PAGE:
Retirement & Financial Planning Report

The pandemic has shaken the retirement confidence of the three main generations now in the workplace, says a study that notes that the effect generally increases with age, reflecting that older workers have less time to save toward their retirement.

The TransAmerica Center for Retirement Research found that effect among Millennials (born 1979 to 2000), Generation X (1964 to 1978) and Baby Boomers (1946 to 1963); relatively few of the generations before the Boomers or after the Millennials currently are in the workplace.

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In a survey, it found that 20 percent of Millennials say their confidence in their ability to retire comfortably has declined due to the pandemic. That generation entered the workforce around the time of the Great Recession a decade ago and “as retirement investors, they began saving in a depressed market and enjoyed one of the longest-running bull markets in history. The coronavirus pandemic and 2020 recession marks the first major market downturn they have experienced.”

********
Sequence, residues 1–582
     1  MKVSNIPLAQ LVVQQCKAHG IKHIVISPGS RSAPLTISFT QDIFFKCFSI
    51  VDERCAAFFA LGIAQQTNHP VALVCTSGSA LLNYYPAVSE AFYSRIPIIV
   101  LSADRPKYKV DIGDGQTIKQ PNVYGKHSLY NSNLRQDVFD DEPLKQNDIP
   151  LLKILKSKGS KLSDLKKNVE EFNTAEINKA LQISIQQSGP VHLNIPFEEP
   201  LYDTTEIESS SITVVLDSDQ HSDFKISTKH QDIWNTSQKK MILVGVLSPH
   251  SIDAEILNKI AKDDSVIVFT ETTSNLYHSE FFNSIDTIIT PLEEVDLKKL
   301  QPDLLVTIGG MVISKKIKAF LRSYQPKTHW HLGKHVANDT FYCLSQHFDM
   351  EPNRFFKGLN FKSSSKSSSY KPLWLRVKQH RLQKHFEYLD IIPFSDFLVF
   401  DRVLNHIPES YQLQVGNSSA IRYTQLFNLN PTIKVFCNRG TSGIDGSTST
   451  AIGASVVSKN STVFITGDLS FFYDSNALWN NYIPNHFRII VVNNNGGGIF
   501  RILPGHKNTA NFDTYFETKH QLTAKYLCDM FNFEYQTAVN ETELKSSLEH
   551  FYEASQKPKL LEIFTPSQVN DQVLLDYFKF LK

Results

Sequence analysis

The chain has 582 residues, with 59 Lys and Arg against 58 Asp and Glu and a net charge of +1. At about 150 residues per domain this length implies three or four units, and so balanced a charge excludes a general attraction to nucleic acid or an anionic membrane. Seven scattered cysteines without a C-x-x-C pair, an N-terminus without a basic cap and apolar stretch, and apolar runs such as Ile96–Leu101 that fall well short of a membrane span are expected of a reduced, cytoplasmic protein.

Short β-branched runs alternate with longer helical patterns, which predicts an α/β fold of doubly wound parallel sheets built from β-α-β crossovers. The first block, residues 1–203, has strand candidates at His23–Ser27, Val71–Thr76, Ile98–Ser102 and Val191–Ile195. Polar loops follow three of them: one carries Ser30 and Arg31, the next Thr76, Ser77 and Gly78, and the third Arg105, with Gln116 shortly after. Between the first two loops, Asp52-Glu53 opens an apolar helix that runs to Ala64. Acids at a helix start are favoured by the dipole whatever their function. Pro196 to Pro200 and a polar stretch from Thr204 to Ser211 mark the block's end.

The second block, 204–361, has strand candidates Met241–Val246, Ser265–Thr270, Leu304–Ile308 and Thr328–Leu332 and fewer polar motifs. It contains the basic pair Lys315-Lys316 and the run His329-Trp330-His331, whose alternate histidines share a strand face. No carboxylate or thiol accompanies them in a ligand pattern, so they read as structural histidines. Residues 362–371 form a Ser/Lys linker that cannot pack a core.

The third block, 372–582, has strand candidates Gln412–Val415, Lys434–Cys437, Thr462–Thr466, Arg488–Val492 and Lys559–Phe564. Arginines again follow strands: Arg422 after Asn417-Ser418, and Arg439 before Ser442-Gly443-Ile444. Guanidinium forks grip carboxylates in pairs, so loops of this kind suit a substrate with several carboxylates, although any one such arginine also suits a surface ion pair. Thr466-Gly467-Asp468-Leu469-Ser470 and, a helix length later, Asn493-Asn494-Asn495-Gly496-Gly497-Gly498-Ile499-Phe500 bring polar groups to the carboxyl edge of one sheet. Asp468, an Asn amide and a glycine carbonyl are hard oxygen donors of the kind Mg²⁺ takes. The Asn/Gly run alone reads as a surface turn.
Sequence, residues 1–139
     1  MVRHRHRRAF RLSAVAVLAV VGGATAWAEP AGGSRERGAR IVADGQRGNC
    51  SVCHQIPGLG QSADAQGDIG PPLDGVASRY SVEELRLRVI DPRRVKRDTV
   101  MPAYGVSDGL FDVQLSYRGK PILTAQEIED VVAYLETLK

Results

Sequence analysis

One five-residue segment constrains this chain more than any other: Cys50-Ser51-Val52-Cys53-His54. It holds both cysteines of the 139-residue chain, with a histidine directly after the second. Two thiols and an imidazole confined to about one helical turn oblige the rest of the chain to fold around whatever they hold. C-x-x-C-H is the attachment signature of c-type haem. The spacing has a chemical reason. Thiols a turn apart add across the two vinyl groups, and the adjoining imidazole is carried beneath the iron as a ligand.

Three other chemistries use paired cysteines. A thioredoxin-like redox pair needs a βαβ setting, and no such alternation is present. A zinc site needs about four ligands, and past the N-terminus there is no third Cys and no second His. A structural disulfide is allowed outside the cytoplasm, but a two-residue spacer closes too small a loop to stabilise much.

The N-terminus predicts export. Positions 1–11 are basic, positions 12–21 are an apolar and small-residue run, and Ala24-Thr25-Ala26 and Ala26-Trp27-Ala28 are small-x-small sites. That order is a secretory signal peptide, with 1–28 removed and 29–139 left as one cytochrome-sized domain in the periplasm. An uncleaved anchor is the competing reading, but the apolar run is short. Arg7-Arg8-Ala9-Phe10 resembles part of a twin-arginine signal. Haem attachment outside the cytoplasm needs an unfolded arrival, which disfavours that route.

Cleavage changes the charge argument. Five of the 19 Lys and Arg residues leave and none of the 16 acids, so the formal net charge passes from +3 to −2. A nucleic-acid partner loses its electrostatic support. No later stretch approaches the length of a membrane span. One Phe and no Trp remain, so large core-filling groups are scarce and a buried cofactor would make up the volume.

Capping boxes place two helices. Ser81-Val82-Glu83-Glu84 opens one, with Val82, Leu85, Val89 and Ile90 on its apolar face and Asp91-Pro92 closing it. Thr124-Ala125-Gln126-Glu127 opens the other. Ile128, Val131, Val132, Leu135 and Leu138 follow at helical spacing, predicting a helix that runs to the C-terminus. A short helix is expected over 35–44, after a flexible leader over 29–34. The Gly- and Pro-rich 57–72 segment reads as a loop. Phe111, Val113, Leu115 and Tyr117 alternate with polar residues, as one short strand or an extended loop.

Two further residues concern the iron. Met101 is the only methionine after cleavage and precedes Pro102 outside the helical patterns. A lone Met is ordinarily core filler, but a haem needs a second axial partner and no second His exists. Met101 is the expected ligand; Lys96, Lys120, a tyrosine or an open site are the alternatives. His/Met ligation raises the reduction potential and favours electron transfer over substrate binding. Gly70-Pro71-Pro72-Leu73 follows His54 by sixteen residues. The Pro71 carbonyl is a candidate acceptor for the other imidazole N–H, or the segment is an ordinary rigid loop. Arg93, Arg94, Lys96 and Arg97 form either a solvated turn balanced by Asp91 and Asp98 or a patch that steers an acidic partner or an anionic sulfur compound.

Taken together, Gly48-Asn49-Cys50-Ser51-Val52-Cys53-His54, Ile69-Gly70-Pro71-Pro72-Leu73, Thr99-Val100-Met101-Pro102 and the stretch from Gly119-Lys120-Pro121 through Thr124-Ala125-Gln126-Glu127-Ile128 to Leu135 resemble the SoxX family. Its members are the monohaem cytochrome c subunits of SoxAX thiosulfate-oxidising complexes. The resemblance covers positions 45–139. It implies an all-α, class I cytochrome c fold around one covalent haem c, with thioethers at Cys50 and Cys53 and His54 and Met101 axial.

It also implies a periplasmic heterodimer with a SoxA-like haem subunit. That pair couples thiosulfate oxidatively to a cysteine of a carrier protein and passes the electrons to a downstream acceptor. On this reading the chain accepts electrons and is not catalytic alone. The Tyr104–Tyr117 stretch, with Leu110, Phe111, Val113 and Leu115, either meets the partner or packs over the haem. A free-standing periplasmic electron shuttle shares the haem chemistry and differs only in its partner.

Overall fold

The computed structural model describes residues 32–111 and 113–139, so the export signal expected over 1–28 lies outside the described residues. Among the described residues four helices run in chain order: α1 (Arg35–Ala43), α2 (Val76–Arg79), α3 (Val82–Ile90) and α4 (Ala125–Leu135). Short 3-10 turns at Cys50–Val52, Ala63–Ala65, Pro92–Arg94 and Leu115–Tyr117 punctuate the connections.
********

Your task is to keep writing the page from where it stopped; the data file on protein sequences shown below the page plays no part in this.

While workers in that generation have the longest time to save, they also expect to have to self-fund their retirement to a greater extent than those in the other two, and they also are more likely to have student debt, and more of it, than the other two, the report said.

Twenty-five percent of those polled in Generation X said their retirement confidence has decreased, it said. About four-fifths of them are saving for retirement, “but many are behind on their savings,” more than half have credit card debt and as a whole “they are in their sandwich years, during which they may be juggling their careers with raising children and caring for aging parents.”

Among Boomers, 32 percent said their retirement confidence has decreased. While they have had more years to save toward retirement, “many were hit hard during the Great Recession and now the pandemic. Unlike younger generations, they have less time to financially recover before they retire.”

It added: “Baby Boomer workers are planning to work to older ages than previous generations, yet few have a backup plan if forced into retirement unexpectedly. Amid the pandemic, they face greater health and employment-related risks than younger generations.”

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